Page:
Conserving Eswatini's Natural and Cultural Heritage
Eswatini National Trust Commission

Our logo is adapted from a painting by Phillip Dlamini, 1998, of a purple crested turaco. In traditional Swazi dress, the red feathers feature in the royal headdress, so this bird illustration is not only a symbol for wildlife conservation, but also of cultural heritage.

Purple crested turaco

King Sobhuza II

Information from King Sobhuza II Memorial Park, photos from Swaziland Digital Archives, 2001.

Young Sobhuza with Lomawa (1907)

Young Sobhuza with Lomawa (1907) Sobhuza II was the son of Bhunu and Lomawa Ndwandwe. He was born on the 22nd of July 1899 at Zombodze. His father named him Nkhotfotjeni (stone lizard), a name that told a story - when the baby was conceived, the father was living among stones like a lizard because war was threatening between the Boers and the Swazis. His grandmother Labotsibeni (Gwamile) named him Mona (jealousy) as there was jealousy between the Boers and the British, between whites and Swazis and among Swazi royalty itself.

Bhunu died five months later. The royal council met in the byre, deliberated and chose Nkhtfotjeni, who was proclaimed King at the age of four months, and the kingly name of Sobhuza II was selected. Labotsibeni became regent helped by her third born son Prince Malunge. Nkhtofotjeni had to be separated from his mother while she was in mourning. He was sent to his mother's home at Zikhotheni. A year later Labotsibeni decided Nkhotfotjeni should be brought back to Zombodze. This was a time of war between the British and the Boers. When Lomawa's mourning period was over, she joined him at the future capital, Lobamba.

Labotsibeni and Buxton (1917)

When he was old enough, the young King was sent to Zombodze Primary School. This was the first national school, and Labotsibeni had wanted it to be built especially for Nkhotfotjeni. His first teacher was Joseph Xaba (known as Majotane). In 1916 he left for Lovedale in the Cape Province for his secondary education.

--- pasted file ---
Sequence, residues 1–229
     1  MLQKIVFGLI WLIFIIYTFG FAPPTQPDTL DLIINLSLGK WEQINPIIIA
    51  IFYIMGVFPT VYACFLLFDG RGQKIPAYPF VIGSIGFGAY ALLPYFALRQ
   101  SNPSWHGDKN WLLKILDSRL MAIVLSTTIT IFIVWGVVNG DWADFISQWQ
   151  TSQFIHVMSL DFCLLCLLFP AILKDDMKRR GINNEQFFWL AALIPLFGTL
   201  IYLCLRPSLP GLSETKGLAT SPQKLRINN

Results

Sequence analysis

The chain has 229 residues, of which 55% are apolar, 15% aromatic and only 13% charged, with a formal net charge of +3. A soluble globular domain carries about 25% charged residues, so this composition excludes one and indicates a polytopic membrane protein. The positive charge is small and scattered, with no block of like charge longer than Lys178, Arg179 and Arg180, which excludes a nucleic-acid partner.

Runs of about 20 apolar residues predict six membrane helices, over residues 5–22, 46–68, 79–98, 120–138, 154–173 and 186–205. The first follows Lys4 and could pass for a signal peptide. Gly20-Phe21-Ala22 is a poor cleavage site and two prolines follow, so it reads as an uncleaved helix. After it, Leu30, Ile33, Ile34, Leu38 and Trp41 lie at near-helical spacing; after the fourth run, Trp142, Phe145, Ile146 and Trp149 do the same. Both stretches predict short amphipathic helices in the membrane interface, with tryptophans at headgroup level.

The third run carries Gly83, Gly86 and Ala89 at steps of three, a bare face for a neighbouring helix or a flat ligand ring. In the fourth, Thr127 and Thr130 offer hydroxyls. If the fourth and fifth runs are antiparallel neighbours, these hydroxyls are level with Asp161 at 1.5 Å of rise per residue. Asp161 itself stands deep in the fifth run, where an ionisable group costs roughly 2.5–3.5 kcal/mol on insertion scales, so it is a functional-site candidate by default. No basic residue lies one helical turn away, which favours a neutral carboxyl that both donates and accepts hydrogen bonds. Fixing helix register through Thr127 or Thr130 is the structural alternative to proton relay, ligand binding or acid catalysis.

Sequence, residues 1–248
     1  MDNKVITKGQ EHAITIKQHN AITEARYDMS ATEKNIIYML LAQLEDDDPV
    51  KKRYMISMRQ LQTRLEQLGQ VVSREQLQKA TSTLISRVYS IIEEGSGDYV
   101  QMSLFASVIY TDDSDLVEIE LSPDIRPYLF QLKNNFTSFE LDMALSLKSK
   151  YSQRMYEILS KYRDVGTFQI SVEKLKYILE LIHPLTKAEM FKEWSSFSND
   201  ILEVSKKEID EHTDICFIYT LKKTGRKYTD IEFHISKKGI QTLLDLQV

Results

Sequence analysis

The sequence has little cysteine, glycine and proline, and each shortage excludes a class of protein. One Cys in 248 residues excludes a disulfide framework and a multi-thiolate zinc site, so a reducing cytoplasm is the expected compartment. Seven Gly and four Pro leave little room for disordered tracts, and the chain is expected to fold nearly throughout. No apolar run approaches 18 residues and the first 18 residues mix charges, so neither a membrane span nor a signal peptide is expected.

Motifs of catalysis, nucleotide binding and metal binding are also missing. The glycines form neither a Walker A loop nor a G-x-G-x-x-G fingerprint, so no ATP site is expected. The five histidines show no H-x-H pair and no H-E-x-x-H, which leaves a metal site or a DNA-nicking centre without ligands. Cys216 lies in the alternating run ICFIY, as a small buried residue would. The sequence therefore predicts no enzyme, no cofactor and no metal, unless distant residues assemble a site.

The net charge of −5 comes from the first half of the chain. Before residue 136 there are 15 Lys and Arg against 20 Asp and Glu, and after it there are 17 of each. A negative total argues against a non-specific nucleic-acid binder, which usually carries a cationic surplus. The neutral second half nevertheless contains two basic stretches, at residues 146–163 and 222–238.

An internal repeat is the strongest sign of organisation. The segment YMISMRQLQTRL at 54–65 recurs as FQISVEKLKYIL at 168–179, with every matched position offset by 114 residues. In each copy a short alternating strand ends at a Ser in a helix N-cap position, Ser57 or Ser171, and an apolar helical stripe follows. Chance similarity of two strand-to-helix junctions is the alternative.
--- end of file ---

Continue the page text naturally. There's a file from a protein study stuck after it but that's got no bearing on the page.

Labotsibeni abdicating (1921) Warrior King (1921)

Labotsibeni abdicating (1921)

Warrior King (1921)

On the 22nd of December, 1921, Labotsibeni handed over her duties to her grandson at Zombodze royal residence. He was now Ngwenyama Sobhuza II.

On a battleship (1940's)

On a battleship (1940's)

Making a speech (1958)

Making a speech (1958)

Independence (1968)

Sobhuza believed in peaceful discussion and was against violence. During his rule, he had to negotiate Swaziland's independance from Britain. He managed to do that without bloodshed and Swaziland became independent on the 6th of September 1968. Sobhuza also believed in unity. In Swaziland he worked hard to make a non-racial society. He also preached unity among other African leaders. To encourage the spirit of unity, he made Swaziland a member of the United Nations, the non-aligned movement and the organisation of African unity. He established diplomatic missions in a number of African and Western countries. Sobhuza was also a believer in education, both formal and informal.

Diamond Jubilee (1981)

In September 1981, King Sobhuza celebrated 60 years of his rule at his Diamond Jubilee. The nation was also lucky enough to celebrate his eighty third birthday on the 22nd of July, 1982. thousands of people attended the celebration. The King gave a speech on the theme of "Unity is Strength". This was the last time he appeared in public. He died on the 21st of August 1982 at the Embo State House, at the age of 83. At the time of his death, he was the longest reigning monarch in the world. The Swazi Nation was fortunate to have such a leader.

Our Contacts:
Head Quarters: (+268) 2416 1489/1179

King Sobhuza II Park: (+268) 2416 1489/1179

National Museum: (+268) 2416 1489/1179


Malolotja Nature Reserve: (+268) 2444 3241 / (+268) 2416 1480

Mantenga Nature Reserve and Swati Cultural Village: 2416 1151/1178

Mlawula Nature Reserve: (+268) 2383 8885 (Reception)
(+268) 2383 8453 (Senior Warden)

Magadzavane Lodge: (+268) 2343 5108/9

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